at ber of our redoubts, and made them much more forvo
midable. We reared on a peninsula, called Mount 330) Batten, a fort of very great strength. This peninsula,
which is made into an island at high tide, is just
below that Mount Stamford where one of our very CHAPTER XXI. — My Friends in Trouble.
earliest memorable engagements with the malignants
took place. The fort there—I mean on Mount Stam. TE made good use of the pause in our active ford—remained slighted; the ground we now held
operations, caused by the slothfulness of Sir extended from Mount Batten in the east to Mount Richard Grenville, after the taking of Saltash, to Wise in the west, a distance of at least three miles. repair our fortifications and to extend them. At At Mount Wise a guard was stationed. Gasking and East Gates we added half-moons to our I think the readiness of the good townsfolk defences ; our chain of earthworks and their several of Plymouth to take an active part in their own communications were strengthened, and the earth- defence deserves to be recorded by me. For,
No. 22.-JULY, 1883.
whereas I have read of special kinds of soldiers, Lettice rather quaintly said, as if poor Miriam's such as sappers and miners, and the like, to be wishes had not been the chief matter of moment. Jonanecessary for the making of fortifications and the than Thorp had been so upset ever since my father's repairing of breaches, here, in this godly town, death that he had been good for little at the farm. when the walls were battered by the besiegers' guns, and now he had mounted and gone to the war himor a weak point in the outer line of defence needed self. Poor Jonathan ! “ And mother really thinks palisading, the tradesmen went and did the work as we do better without him.” Again Lettice's letter readily as if it were the building of an ordinary house, made me smile. Grandmother was ailing ; "she yea, even more willingly; and sometimes it was never complained of the news from Marston Moor, necessary that we soldiers should stand defending and yet I think it broke her dear heart ; she keeps them at their work, and now and then they even to her bed, and says she has only one thing more to hazarded their lives in this good service.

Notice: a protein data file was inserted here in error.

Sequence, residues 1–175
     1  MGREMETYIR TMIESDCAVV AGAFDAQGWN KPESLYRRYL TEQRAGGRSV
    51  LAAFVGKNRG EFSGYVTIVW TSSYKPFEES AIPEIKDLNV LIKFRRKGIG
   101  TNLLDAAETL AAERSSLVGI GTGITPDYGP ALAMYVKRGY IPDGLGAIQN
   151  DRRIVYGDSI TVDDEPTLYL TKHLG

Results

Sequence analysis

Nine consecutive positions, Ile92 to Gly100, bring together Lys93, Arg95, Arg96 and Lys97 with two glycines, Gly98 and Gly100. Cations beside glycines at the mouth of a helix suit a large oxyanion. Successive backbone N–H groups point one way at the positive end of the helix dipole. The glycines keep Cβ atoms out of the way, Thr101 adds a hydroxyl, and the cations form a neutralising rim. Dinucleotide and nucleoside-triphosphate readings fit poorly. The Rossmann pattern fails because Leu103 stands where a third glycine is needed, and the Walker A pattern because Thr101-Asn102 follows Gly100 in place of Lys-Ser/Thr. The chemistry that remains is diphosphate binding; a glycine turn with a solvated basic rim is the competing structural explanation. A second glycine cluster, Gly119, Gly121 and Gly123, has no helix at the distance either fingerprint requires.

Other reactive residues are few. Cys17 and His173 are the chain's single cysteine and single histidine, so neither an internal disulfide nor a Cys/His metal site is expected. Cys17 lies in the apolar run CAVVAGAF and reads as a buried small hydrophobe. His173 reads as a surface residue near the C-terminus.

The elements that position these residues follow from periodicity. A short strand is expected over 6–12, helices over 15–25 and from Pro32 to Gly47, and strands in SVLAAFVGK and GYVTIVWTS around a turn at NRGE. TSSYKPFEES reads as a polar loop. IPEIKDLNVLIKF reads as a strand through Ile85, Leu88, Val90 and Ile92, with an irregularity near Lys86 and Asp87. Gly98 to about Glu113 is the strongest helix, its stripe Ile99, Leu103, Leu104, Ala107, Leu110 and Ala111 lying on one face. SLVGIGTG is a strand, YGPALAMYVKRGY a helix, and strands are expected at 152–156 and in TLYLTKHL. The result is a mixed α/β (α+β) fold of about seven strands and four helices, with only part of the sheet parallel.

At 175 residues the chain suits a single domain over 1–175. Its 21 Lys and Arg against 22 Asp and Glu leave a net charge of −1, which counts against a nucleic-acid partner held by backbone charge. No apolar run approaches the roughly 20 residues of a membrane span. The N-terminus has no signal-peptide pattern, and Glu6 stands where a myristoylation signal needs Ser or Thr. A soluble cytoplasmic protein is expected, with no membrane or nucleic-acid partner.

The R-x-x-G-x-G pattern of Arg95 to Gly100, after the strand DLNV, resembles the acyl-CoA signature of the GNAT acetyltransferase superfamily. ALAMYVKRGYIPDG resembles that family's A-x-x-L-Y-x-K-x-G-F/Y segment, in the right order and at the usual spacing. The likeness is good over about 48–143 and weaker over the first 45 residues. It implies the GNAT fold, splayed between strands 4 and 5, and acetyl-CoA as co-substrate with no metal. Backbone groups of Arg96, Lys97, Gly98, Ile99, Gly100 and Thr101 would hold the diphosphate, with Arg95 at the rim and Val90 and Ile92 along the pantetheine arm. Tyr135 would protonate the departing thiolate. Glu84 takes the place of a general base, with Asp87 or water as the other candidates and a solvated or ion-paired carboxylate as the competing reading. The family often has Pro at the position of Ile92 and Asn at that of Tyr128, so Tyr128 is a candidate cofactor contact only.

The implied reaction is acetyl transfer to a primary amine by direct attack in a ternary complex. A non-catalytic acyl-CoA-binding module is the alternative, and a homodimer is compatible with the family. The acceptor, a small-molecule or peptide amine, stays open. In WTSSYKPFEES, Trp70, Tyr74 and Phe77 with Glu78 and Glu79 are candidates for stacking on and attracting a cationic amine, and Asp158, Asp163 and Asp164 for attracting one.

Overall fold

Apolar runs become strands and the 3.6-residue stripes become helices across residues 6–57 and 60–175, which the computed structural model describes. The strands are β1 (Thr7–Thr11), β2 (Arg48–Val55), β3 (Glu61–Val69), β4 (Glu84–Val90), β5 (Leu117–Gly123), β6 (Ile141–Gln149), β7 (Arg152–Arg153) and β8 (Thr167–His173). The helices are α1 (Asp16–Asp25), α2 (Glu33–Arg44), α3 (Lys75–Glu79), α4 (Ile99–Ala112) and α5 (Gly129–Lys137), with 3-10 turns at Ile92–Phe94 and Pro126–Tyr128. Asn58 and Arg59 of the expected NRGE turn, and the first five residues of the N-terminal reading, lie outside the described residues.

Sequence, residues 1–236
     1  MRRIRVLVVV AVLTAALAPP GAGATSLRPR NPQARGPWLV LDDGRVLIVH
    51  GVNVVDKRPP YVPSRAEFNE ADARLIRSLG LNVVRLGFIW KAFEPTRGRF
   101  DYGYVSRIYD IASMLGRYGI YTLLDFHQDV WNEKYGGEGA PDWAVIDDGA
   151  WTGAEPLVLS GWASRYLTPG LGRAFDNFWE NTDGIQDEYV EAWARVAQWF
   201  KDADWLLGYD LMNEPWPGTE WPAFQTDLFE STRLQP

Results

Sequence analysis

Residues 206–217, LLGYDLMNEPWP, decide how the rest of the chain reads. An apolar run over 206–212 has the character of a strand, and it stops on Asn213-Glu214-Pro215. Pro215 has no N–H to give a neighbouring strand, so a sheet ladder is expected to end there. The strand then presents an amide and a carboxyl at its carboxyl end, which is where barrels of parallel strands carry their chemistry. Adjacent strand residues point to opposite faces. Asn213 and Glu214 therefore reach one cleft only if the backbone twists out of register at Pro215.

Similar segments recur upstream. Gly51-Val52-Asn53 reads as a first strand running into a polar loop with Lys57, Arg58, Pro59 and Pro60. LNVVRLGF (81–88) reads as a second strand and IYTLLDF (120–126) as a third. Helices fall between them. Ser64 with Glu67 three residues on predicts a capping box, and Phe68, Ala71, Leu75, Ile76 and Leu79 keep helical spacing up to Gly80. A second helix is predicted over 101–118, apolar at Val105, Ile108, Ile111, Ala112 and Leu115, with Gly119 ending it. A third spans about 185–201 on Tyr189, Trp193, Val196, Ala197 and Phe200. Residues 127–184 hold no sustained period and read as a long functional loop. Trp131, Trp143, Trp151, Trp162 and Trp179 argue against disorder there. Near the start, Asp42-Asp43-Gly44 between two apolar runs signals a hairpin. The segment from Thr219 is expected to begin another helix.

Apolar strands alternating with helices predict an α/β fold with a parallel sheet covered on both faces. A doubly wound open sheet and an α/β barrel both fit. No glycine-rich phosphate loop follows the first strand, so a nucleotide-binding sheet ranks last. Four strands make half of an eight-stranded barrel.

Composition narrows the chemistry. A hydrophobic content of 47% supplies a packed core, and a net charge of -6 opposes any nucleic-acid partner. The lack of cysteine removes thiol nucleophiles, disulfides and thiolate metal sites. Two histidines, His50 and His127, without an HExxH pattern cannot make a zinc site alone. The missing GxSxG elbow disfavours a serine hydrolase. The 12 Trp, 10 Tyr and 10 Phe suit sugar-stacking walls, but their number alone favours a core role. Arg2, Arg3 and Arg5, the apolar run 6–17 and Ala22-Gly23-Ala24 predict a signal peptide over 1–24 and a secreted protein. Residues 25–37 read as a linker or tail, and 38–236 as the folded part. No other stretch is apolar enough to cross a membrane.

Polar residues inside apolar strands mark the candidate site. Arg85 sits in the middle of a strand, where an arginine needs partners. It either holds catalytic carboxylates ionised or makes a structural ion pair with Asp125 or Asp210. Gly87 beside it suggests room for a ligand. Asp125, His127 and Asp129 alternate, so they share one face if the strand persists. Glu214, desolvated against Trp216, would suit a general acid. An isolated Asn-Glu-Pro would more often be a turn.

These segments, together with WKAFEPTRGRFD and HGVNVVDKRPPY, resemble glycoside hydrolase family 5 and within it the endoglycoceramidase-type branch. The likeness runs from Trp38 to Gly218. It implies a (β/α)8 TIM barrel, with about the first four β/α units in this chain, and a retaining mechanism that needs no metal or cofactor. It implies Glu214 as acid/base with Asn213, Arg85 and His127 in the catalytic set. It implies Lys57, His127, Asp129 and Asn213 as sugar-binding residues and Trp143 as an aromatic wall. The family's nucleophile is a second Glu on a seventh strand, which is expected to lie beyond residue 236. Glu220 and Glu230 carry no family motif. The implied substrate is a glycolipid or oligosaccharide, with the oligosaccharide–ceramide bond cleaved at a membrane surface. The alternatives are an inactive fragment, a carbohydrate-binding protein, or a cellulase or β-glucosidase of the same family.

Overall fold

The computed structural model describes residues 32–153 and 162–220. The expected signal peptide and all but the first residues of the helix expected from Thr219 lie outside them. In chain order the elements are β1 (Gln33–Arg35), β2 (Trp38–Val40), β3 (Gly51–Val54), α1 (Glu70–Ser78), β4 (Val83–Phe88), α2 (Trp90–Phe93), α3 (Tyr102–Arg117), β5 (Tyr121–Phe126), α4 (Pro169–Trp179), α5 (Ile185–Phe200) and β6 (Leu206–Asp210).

live for, to see you come back to your home, dear It was during this time that I was again gladdened Ben! Have you the least faint hope of this, that I by receiving news from Brier Grange. Ever since I may cheer her with it? Oh, Ben! with father and had received the tidings, on my return from Corn- grandmother gone, the farm will never seem like wall, of the death of my honoured and beloved father home again to me.” Here I was fain to do as I think in the battle of Marston Moor, I had felt it impossi- Lettice had done before me, to lay my head upon the ble to seek the house of Lucy Woollcombe, and I had page and weep, such tears as Lucy had told me it only seen her on the two occasions I have mentioned — was not unmanly to shed. There were brighter the day when she and I stood in the presence of the words after this : “ We are all so proud of you, dear King, and she afterwards returned to her home under Ben ; mother looked cheerful for the only time since my escort; and when the ducking-stool had been she heard how father died, when we read about your administered to Betty Smith, and she had come promotion. She says she rejoices that she has a son to the assistance of that dishonoured and unhappy to follow in the footsteps of his father, and to think creature.